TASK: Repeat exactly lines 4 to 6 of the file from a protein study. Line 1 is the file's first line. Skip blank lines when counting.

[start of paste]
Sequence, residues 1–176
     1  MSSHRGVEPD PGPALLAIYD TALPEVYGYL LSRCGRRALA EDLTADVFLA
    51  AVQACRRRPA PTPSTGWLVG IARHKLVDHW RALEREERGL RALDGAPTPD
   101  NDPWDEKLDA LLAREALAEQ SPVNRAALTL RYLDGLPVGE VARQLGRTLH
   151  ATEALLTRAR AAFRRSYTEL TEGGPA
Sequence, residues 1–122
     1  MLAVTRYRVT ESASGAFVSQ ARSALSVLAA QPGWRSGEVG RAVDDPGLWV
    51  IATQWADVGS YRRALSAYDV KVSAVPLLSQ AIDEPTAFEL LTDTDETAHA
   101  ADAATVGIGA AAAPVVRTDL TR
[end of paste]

   101  NDPWDEKLDA LLAREALAEQ SPVNRAALTL RYLDGLPVGE VARQLGRTLH
   151  ATEALLTRAR AAFRRSYTEL TEGGPA
Sequence, residues 1–122